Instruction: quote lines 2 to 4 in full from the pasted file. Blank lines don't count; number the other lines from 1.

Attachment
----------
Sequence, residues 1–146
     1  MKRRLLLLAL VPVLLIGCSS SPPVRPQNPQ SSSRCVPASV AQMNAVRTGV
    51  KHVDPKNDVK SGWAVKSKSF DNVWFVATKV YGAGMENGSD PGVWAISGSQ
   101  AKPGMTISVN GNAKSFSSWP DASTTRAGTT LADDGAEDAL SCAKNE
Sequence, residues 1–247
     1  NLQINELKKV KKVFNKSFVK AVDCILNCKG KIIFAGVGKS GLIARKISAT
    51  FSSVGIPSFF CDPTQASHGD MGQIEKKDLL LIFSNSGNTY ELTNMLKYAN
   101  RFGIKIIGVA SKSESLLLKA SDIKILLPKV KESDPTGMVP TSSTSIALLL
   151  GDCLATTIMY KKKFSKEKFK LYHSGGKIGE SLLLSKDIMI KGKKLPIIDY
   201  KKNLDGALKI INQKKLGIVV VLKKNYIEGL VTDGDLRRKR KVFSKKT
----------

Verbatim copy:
     1  MKRRLLLLAL VPVLLIGCSS SPPVRPQNPQ SSSRCVPASV AQMNAVRTGV
    51  KHVDPKNDVK SGWAVKSKSF DNVWFVATKV YGAGMENGSD PGVWAISGSQ
   101  AKPGMTISVN GNAKSFSSWP DASTTRAGTT LADDGAEDAL SCAKNE